high above the crowd.

Even the Watchers are interested.

Such ridiculous thoughts he’d hold on to rather than share with Brion. The stories of
immortals who entered the mortal realm in the form of hawks were just that: stories told to
children before bedtime. His own mother told him such tales.

The king’s lips stretched back from his teeth in a smile that would look warm and
genuine to all who did not know the darkness behind it. “I hope you are as pleased as I am
about this road. I know it’s been a difficult time for everyone and I take no pleasure in the
blood spilled in the process.”

There was a swelling of displeased and uneasy murmurs in the crowd, but not nearly as
many as there should have been.

It’s working, Jonas thought. He’s fooling those who wish to be fooled.

“Yeah, right,” Brion said. “He loved it. He would have bathed in all that blood if he’d had
half a chance.”

Jonas couldn’t agree more.

King Gaius continued, “As you all can see here today, your Princess Cleiona is very well.
She was not exiled or imprisoned as the daughter of my enemy. Why would she be? After all
the pain and grief she’s bravely endured, I have welcomed her into my new home with open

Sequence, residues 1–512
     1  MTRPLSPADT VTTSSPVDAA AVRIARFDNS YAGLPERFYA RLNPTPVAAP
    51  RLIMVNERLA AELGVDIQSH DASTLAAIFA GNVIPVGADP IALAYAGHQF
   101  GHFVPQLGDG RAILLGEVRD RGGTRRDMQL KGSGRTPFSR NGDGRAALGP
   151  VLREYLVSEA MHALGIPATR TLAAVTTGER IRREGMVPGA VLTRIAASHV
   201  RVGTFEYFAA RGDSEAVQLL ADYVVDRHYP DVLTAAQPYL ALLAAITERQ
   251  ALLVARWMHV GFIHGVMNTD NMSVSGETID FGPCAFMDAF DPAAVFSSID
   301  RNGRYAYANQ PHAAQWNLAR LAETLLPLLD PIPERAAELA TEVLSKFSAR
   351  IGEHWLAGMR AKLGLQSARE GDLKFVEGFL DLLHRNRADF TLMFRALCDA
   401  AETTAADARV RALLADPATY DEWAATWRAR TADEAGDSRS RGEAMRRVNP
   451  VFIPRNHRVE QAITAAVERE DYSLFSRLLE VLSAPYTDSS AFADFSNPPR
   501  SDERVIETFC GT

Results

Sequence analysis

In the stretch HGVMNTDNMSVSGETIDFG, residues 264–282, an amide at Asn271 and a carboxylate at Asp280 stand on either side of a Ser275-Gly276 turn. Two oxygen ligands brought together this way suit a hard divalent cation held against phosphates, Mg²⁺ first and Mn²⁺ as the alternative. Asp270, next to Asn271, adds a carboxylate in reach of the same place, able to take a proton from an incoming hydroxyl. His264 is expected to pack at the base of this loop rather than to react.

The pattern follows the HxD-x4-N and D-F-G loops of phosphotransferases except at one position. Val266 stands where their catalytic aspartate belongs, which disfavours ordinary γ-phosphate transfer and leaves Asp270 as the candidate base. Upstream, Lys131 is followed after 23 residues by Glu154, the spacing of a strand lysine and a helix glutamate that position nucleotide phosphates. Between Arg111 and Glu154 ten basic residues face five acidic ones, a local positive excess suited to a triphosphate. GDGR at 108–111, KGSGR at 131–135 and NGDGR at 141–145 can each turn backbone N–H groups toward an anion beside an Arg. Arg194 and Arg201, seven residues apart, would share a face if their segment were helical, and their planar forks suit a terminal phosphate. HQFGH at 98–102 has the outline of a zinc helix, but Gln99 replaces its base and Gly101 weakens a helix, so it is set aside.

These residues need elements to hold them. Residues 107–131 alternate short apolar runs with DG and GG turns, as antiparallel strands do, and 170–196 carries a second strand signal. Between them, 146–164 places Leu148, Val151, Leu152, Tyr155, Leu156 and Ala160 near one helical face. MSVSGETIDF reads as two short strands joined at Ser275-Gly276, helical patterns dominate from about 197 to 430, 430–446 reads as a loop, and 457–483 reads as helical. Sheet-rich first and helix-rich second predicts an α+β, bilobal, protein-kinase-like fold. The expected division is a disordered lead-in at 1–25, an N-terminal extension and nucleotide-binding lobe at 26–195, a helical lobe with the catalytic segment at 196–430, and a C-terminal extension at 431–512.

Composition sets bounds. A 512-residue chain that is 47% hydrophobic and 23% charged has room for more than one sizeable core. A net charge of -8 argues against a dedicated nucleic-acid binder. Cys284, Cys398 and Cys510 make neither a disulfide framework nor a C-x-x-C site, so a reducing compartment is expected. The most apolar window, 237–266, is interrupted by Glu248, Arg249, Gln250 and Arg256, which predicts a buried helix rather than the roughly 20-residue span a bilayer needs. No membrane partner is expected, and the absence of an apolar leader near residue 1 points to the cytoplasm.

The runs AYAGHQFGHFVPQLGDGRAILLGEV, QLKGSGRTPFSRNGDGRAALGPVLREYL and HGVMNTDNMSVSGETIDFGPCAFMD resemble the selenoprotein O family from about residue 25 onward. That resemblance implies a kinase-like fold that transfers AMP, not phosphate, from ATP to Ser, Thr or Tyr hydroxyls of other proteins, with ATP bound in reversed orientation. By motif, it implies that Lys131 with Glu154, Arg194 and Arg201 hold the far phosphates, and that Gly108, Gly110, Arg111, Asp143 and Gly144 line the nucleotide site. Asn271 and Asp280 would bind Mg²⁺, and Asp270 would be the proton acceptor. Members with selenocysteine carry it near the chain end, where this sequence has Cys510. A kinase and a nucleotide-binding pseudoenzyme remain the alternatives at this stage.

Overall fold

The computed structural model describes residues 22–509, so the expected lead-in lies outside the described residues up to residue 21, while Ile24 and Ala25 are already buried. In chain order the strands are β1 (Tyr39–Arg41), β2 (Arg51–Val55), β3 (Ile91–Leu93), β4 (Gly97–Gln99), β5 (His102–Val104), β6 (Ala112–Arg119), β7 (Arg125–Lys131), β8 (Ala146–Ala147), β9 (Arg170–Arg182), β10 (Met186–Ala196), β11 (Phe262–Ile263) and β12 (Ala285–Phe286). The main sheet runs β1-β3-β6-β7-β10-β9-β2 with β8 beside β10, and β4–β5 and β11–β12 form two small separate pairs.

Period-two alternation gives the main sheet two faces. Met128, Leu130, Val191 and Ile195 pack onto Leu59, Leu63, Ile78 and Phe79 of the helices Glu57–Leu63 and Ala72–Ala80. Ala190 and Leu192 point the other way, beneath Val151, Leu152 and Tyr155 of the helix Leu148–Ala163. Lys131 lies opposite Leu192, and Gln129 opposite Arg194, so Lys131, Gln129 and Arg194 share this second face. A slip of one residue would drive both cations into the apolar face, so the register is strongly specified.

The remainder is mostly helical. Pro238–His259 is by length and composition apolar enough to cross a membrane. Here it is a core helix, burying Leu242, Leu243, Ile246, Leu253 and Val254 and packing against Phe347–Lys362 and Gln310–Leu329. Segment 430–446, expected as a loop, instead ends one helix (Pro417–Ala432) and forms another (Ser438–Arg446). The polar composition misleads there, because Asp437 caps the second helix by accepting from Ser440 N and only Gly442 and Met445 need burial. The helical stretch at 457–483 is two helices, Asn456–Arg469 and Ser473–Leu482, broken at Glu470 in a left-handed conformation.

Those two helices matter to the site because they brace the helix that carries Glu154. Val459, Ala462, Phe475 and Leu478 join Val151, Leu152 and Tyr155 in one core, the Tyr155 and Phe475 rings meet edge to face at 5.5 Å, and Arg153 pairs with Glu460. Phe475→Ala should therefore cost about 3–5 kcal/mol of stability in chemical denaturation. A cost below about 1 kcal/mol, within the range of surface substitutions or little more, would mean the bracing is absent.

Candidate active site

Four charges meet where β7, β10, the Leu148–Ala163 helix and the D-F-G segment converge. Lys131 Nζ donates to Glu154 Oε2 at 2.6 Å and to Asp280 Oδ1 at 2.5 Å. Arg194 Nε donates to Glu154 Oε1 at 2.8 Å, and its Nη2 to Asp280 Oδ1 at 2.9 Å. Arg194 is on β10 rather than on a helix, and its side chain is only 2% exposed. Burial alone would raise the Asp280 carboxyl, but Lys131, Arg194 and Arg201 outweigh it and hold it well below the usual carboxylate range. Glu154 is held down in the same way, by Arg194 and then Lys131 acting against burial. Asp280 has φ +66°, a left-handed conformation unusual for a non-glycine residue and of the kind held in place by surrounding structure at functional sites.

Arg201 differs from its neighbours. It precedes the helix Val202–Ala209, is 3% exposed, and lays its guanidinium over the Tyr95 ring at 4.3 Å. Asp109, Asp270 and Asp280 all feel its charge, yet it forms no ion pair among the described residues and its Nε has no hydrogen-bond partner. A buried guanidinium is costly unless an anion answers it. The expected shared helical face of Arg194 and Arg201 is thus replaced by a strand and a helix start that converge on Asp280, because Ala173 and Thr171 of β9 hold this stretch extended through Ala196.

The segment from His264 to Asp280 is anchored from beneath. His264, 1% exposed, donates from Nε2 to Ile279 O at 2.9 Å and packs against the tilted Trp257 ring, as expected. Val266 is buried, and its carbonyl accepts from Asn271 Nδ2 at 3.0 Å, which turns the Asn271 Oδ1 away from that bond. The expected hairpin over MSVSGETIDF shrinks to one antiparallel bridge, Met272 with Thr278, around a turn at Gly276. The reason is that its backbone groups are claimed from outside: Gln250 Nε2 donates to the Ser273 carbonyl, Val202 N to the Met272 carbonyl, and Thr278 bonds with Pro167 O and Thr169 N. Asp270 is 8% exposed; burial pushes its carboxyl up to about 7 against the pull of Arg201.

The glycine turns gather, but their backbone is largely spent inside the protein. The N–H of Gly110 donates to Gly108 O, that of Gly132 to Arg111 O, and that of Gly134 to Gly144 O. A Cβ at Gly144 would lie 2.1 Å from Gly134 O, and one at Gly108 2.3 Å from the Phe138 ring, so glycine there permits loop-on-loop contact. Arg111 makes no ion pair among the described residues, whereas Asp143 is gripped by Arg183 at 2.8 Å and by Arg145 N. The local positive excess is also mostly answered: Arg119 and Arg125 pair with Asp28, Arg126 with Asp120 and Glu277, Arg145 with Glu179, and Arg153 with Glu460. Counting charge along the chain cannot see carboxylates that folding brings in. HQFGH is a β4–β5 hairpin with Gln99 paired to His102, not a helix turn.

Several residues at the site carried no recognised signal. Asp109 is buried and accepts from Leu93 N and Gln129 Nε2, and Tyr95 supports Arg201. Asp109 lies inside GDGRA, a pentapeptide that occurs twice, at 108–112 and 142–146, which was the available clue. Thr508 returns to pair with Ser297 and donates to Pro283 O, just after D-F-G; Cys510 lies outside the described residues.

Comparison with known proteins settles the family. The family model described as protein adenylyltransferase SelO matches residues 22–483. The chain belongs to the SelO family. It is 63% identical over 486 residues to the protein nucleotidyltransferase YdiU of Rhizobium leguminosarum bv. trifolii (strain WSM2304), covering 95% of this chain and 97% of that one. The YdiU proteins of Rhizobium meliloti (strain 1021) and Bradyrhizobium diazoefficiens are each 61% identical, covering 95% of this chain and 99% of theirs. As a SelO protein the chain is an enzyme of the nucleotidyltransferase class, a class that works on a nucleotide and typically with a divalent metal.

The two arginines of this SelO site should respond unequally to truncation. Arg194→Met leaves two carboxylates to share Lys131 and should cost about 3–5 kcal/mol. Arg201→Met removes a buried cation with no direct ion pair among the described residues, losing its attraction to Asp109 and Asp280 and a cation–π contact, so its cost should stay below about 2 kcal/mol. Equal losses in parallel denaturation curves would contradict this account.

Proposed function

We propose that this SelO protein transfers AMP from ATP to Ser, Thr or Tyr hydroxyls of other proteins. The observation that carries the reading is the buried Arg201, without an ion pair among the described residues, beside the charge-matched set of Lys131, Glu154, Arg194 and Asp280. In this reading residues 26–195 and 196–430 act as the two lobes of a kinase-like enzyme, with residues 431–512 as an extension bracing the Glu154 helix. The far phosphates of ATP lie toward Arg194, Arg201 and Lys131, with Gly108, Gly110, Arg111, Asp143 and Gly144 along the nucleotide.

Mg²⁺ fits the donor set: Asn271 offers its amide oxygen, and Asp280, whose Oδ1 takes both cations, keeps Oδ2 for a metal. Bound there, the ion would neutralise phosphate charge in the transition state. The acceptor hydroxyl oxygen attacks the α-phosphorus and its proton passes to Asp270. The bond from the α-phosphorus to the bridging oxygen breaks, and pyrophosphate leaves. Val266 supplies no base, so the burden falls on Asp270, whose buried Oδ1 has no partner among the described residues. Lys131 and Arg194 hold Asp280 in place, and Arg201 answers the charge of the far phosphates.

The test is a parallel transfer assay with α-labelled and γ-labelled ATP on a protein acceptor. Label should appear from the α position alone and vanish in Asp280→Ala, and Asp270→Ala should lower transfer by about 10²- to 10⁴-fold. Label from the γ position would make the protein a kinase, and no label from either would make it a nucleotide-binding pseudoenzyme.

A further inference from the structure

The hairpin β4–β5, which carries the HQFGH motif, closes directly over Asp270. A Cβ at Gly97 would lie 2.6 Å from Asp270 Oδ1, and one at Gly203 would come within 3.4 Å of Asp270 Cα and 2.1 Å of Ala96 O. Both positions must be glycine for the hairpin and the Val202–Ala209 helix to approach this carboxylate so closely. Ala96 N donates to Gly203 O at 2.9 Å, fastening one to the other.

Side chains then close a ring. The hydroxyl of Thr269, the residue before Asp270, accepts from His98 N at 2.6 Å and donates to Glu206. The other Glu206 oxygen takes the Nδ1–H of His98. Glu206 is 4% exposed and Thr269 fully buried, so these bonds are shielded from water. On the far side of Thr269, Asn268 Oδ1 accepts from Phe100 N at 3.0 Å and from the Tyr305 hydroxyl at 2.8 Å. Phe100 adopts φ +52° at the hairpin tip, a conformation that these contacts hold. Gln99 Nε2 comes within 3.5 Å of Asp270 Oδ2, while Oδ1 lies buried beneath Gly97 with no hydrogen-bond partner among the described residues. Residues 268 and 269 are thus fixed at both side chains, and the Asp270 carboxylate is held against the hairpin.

He made it sound as if he’d given her a choice, but Jonas didn’t believe it.

“My next announcement today concerns your princess.” King Gaius stretched out his
hand. “Come here, my dear.”

Cleo cast a wary glance at Aron before turning toward the king. She hesitated only briefly
before crossing the balcony to stand at the king’s side. Her face was unreadable, her lips
tight but her head held high. A sapphire necklace sparkled at her throat and jewels also
dotted her hair to match her dark blue gown. Her skin glowed radiantly under the sunshine.
Excited murmurs now rose through the crowd about the daughter of their former king.

“Princess Cleiona has suffered great personal loss and heartbreak. She is truly one of the
bravest girls I’ve ever met and I see why those in Auranos love her as much as they do.” The
king’s voice and expression both seemed to hold affection as he gazed at the princess. “It is